ascertained, there is more dumbness in the animal world than is generally supposed. This dumbness, however, is rarely absolute, but rather more an inability to form articulated sounds.
Every animal of the higher orders is possessed of some sort of tone expressive of pain or joy, and by means of this it can make itself understood by its kind. Fish can produce no sound in the water, because air is lacking as a medium to propagate the waves of sound; and yet we incline to the belief that the water itself may admit of the forming of some kind of sound-waves, which the fish perhaps may be capable of exciting, and which will be experienced and comprehended by other fish. As far as we are concerned, of course, fish will remain mute, as the element in which they live is one into whose conditions of existence we may never enter, and that to us means death. But even among our domestic animals, the dog heading the list, there reigns, to our ear at least, a dumbness well-nigh absolute, broken only occasionally by faint and forcibly uttered sounds. In very cold and in very hot climates there are certain dog races that never bark, a fact already referred to by Captain Cook in the account of his voyages. In Asia there is a species of dog called colsuns which never barks. It is to be found chiefly in the Deccan, in the mountains of Nilgiri and in the woodlands on the coast of Coromandel. Also among the birds, by poets so often styled "the singers of the forest," there are many kinds that are mute. Two varieties of sparrows, the tangara of Brazil and the senegali at the Senegal, are said never to emit a sound; and in Australia there are larks quite similar to those of our own country, but which never sing.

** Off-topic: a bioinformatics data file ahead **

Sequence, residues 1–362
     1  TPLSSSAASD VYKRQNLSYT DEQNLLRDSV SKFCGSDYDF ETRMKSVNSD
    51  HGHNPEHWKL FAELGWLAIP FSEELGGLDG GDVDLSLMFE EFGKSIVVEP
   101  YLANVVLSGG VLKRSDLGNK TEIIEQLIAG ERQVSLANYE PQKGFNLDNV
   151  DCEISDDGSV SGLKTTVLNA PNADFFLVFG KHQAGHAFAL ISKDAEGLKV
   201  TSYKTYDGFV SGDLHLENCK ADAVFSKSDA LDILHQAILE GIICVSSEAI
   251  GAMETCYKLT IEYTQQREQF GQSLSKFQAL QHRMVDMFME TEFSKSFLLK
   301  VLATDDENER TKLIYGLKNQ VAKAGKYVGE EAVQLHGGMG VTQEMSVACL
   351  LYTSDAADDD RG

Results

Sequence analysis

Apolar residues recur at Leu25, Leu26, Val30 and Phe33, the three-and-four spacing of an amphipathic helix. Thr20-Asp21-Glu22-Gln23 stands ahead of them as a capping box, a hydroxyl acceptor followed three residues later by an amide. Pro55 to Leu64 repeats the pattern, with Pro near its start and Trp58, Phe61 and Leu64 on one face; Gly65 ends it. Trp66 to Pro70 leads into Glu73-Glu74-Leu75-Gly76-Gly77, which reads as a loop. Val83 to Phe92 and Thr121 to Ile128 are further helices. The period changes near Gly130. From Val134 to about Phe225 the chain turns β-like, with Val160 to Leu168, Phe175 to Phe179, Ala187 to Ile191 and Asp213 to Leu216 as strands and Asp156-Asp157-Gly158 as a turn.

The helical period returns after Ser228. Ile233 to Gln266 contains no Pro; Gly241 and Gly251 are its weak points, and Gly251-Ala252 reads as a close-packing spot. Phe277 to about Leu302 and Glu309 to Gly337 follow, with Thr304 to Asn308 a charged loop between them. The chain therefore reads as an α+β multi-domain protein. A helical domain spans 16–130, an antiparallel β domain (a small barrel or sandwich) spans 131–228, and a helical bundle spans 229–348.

The real singing of birds is done only in spring-time, to greet anew Nature's awakening. During the rest of the year even the best singers of the woods confine themselves to simple chirping notes of woe or joy. Nicolardot believes that the song of birds may be regarded as the original fount of all music, and according to his view each musical instrument was originally only devised to imitate the voice of some bird. Bringing to bear a considerable knowledge of natural history and perhaps an equal amount of charming fancy, he traces the whole orchestra of to-day back to the voices of birds. He demonstrates that for every instrument—the clarionet, the flute, the oboe, the trombone, the trumpet, and all the rest—a bird may be named that bears the fundamental tone of such instrument in its throat, and which has been copied by man in the making of the instrument. To the nightingale he assigns in this bird-orchestra the part of the organ, and even the rattling of the castanets he would trace to the peculiar noise made by some birds of prey with their bill.
Besides their songs with which they greet Spring, and their notes of pain and joy, birds have still other sounds which they use only on certain occasions. Many birds, besides the rooster, herald the early dawn and sunrise with certain peculiar notes. Among these are the